Editor's Note: This is the first of a series of installments by Men's Fitness Editor-in-Chief Roy S. Johnson as part of a two month partnership with the new NBC/Proctor & Gamble site Healthgoesstrong.com.

It wasn't supposed to happen. Not this soon. We're far fitter than our parents were at the same age. We exercise more, eat better, have more sex (okay, some of us do), and we believe our 50s are the new, hell, the new 30s! So it just wasn't supposed to happen.

But it did. One still dark, early morning last October, my wife rose from the bed feeling "something," she told me months later. In a few moments she was on the floor, suddenly paralyzed, unable to speak and consciously unconscious (awake but with no recollection of anything after getting out of the bed) because a blood clot was blocking oxygen to the left side of her brain.

She was suffering a massive stroke.

My wife was 52 years old, and she possessed none of the traits that would have made her predisposed to having a stroke. She was not obese. Cholesterol was normal. No high blood pressure. Nothing.

A catastrophic illness wasn't supposed to happen. Not yet. But it did. And it changed our lives.

That moment she suffered the stroke is eight months behind us but its images and emotions are as vivid to me and our children (two teenagers: a son, 16, and daughter, 13) as if they were playing out on the HD flat screen in our kitchen.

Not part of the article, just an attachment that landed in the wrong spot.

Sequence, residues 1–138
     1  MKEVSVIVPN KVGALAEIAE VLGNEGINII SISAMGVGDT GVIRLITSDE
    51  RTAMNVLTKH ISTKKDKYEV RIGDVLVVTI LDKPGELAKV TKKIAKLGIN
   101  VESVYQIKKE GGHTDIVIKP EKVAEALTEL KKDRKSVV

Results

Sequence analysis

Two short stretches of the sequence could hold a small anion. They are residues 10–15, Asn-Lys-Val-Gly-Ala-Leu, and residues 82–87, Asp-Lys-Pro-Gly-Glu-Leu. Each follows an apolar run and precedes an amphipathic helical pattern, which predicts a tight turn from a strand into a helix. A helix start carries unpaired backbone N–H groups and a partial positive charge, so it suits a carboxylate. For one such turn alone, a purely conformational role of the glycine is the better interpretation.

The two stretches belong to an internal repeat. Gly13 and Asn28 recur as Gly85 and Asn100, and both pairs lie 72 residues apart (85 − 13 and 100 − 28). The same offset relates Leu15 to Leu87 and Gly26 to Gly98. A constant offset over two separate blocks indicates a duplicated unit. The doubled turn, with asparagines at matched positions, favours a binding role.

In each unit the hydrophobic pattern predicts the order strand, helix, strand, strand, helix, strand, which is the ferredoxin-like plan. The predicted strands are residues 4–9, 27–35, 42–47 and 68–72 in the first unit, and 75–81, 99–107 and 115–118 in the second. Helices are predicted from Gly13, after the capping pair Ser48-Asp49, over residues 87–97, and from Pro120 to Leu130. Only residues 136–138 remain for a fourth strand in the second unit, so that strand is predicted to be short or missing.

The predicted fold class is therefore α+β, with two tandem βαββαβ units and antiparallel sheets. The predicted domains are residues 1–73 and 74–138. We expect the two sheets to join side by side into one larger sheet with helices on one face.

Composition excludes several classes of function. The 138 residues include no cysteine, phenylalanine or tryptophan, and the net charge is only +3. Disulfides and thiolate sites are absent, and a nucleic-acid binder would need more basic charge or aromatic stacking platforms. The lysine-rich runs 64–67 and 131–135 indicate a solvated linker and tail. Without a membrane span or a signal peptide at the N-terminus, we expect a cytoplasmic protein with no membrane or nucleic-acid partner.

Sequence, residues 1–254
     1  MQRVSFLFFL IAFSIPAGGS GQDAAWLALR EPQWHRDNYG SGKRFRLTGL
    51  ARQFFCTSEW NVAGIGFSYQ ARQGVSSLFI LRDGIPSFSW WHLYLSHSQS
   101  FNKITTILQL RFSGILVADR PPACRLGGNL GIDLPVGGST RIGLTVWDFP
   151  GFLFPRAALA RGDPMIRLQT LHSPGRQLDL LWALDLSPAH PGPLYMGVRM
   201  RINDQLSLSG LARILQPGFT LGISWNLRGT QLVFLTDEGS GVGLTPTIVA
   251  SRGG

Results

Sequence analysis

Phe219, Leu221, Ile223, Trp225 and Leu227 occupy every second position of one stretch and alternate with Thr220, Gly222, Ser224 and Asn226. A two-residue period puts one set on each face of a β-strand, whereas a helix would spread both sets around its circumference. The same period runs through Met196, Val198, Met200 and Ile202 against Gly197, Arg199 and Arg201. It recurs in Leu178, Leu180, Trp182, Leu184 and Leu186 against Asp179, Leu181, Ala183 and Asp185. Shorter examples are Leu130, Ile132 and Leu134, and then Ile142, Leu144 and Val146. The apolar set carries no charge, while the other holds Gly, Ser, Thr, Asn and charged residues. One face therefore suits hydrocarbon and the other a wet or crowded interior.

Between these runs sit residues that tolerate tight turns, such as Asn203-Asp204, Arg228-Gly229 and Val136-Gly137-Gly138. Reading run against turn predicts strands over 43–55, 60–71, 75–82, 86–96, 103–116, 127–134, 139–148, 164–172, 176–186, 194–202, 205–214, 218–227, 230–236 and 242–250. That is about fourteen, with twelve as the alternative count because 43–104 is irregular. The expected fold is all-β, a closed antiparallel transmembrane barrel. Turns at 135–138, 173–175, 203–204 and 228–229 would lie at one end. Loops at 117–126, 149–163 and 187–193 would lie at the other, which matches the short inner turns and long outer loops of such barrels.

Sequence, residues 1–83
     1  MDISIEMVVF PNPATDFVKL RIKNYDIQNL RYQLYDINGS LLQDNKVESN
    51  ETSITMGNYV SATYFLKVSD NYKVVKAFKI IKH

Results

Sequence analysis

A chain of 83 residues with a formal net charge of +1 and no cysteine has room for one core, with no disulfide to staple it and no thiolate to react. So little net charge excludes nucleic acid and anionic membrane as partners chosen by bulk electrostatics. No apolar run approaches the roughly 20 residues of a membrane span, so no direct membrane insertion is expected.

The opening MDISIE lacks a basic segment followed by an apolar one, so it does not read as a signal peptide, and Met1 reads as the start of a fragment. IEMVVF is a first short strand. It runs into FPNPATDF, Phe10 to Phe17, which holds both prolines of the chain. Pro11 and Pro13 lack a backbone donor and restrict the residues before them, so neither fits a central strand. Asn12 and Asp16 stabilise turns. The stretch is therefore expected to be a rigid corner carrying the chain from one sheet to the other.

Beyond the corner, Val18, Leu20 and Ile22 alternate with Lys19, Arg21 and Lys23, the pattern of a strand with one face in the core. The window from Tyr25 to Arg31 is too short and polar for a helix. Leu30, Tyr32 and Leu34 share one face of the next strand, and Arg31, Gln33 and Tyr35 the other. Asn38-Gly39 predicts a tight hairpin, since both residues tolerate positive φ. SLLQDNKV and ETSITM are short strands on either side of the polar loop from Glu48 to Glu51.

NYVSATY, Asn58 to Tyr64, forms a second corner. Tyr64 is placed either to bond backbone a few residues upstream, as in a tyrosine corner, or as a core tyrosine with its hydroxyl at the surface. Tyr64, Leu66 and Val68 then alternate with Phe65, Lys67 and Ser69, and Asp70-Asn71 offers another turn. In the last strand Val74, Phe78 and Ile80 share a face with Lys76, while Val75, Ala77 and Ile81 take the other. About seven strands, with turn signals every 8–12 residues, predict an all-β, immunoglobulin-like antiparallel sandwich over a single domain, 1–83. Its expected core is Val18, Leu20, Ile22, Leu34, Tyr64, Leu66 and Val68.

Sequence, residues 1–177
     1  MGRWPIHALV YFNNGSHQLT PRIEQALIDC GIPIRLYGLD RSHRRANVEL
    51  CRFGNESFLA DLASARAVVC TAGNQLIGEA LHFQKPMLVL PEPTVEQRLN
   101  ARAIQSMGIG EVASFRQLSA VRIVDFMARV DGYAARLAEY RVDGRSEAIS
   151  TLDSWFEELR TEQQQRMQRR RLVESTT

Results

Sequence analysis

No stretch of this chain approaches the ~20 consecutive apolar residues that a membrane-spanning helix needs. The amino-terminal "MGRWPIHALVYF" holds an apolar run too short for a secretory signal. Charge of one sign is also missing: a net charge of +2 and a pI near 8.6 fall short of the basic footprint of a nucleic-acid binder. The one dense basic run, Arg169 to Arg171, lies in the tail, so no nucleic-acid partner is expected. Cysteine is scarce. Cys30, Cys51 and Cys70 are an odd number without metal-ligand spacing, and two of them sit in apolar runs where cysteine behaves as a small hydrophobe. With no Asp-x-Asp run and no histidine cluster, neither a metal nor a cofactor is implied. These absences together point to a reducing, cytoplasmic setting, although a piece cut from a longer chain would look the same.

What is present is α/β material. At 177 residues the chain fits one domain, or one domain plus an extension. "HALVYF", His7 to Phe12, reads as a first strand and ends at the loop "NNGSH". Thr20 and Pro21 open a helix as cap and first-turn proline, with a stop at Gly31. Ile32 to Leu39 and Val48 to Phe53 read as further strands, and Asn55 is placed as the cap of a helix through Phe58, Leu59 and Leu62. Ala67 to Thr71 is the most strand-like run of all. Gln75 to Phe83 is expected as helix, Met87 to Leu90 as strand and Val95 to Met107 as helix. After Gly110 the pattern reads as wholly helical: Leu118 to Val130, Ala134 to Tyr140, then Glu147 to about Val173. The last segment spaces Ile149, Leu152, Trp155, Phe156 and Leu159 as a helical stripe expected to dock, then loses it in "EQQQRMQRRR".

My wife is home now, light years better than she was then and the weeks that followed. She underwent a radical brain procedure and initially we did not know if she would suffer a severe setback. She could not speak for days, and did not know my name (she kept calling me Cliff, who is one of her brothers) for more than a week. I recall the day when a physical therapist came by her hospital room and needed two other people to help her "walk," which essentially meant one aide holding her upright as the therapist and another aide, each holding a leg, moved them forward separately.

Read more from Men's Fitness Editor-in-Chief Roy S. Johnson and find out how he coped when personal tragedy struck — healthgoesstrong.com.

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